1. Same here! It wasn’t until I got back, that I realized I could live without most of my stuff. A great way to earn money for my broke-ass once I returned and trying to sell it filled my unemployed days. A win all around!

  8. One thing that was secretly a blessing, was moving during my senior year of highschool from the house that I’d lived in my entire life. (holy crap I had alot of crap) Since it was a quick move, I realized I had to just sort fast, and pack light. I still managed to hoard too much stuff to the new location.

    Blessing number two, was spending a year away at college- having only necessities with me. That following summer when I came home I realized I had not missed practically anything (except for a few books and stuff). So I just threw most of my crap in a box and sent it to the salvation army. (For example- did I need the dollar store perfume that someone had given me in 2nd grade for my birthday? No. Did I need the 5 year old magazines? No. Did I need the clothing that I didnt even like, but maybe wanted to wear someday? No.)

    Here are some junking tips:
    1. If you havent seen it in a year, or needed to use it -throw away or sell
    2. If you havent touched it in six months, throw away or sell
    3. If it is half emtpy something or other, and you havent used it in the past month- throw it out
    4. Throw out/donate All old magazines and newspapers- cut out articles that you realllly want to keep around. But better to just get rid of
    5. If someone compliments you on something you own- give it to them. You dont need it. Unless its your laptop or phone =)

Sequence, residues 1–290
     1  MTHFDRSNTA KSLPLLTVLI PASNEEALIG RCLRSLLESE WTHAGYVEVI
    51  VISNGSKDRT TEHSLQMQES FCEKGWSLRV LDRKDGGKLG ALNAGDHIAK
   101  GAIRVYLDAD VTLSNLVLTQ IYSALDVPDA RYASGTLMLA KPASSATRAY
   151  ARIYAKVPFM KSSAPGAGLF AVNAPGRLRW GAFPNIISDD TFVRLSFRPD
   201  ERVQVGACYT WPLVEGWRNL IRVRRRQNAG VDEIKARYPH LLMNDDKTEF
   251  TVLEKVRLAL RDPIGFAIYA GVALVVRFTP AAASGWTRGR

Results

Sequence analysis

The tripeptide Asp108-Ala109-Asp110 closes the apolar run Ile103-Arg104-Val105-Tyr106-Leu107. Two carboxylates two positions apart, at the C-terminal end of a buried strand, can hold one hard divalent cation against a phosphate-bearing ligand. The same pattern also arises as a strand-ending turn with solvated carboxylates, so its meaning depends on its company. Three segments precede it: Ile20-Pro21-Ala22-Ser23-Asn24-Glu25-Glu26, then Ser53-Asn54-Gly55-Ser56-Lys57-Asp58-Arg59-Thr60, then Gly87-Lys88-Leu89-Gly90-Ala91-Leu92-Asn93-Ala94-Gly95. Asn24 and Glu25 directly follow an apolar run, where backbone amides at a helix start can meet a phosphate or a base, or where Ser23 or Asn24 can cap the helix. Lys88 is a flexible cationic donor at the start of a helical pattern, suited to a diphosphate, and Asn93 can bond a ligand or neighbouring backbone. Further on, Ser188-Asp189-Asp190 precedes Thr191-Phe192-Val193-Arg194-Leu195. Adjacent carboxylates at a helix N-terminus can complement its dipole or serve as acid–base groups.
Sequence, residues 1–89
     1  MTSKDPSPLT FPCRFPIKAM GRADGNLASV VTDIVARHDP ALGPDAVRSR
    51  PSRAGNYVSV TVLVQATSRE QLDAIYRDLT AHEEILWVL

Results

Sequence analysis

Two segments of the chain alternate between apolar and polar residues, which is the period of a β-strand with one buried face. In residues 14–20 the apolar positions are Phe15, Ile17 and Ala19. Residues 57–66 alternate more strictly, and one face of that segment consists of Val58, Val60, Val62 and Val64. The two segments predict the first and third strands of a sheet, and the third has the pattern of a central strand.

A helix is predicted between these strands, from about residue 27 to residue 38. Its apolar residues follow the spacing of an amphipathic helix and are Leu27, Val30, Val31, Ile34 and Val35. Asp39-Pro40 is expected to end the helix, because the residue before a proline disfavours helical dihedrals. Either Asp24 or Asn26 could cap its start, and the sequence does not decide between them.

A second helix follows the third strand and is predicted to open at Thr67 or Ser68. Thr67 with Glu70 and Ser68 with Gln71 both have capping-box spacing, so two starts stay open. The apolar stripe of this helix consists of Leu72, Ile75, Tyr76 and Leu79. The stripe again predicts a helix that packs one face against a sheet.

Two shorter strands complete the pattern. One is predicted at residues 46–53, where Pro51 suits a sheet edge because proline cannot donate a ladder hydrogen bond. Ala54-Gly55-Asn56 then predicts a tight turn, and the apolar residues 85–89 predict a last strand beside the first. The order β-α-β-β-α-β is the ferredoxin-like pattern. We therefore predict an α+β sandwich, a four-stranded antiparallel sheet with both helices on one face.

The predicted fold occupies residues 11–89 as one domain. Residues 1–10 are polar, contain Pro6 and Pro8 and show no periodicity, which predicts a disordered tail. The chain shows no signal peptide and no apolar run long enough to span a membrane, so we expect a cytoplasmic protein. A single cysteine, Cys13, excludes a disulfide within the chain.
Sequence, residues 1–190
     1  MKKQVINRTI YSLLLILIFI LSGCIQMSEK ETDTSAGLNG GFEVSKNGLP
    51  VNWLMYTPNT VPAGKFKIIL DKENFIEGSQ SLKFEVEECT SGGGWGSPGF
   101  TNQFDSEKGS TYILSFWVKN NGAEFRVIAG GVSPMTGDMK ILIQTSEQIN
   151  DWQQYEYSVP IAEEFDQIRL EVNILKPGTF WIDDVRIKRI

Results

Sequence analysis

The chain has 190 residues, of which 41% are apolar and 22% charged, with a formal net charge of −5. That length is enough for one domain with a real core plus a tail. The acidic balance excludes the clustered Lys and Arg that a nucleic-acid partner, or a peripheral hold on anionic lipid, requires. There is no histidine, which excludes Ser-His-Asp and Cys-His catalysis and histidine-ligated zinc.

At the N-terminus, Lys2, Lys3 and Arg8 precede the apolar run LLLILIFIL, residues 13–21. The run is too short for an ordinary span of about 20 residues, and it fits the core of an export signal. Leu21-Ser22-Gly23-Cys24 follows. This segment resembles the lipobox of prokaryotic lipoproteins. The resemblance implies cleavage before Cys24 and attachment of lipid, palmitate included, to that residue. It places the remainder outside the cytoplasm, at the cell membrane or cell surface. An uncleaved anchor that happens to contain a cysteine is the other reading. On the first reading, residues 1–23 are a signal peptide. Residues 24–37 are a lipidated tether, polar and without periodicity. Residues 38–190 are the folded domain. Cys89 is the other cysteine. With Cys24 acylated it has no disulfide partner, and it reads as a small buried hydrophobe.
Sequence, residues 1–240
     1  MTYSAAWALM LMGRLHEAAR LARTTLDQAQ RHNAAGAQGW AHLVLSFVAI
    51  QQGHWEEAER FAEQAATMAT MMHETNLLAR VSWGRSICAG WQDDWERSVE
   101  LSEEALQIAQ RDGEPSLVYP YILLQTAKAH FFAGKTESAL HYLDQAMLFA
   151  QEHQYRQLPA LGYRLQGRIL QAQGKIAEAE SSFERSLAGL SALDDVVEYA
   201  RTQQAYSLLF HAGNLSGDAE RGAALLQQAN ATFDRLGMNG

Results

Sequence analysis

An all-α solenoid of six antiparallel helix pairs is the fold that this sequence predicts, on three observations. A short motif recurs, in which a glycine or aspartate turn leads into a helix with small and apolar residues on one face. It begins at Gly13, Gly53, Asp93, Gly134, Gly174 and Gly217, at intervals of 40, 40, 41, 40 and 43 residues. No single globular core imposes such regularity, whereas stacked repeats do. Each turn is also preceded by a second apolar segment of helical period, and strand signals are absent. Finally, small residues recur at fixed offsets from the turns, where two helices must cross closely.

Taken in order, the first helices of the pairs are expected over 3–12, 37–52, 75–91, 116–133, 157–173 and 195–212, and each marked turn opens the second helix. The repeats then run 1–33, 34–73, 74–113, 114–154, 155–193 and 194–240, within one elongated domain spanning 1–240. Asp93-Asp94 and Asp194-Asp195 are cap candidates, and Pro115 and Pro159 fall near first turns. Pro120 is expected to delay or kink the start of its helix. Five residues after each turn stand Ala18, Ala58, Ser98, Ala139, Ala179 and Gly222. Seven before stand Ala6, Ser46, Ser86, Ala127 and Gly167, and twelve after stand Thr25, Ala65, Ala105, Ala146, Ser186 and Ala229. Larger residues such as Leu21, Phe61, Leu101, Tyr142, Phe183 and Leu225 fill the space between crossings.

6. If you havent worn clothing in the past 9 months, donate it.

    I think I am more inclined to just junk things or donate them. Selling them just keeps everything around longer.


  9. I’m currently going to the same situation. Moving out of my parents’ place, I never realized how much junk I’ve accumulated in the past 25 years. One of the things I’ve done is go through all my drawers and closets and pull out everything I know I don’t need. I then threw it all in the trunk of my car for two weeks. If I didn’t end up needing any of it (and I didn’t!), then I gave it to a charity.

    I found the two weeks that I had it in my car was comforting. It was out of sight and out of access, but I didn’t feel like I lost it. It helped me realize that I really don’t need that stuff (and it made the packing/moving much easier!)

  10. My tip? Don’t buy it to begin with. 🙂 It’s pretty easy for me, because a) I’m frugal and b) I hate clutter anyway. I used to be like you about books (hey, I’m an English major), but I’ve gotten ruthless in recent years and winnowed my collection down to one bookshelf. Once a year, I go through my house and ID everything that needs to go, and just give it away. I gave up trying to make money on yard sales a long time ago. Everyone seems to want something for nothing, so they won’t even give you a fraction of what something’s worth. Maybe I’d have better luck on Craiglist.

    1. The don’t buy stuff tip is one I could have used about three years ago! Hopefully once I get the volume down I can manage to keep it that way.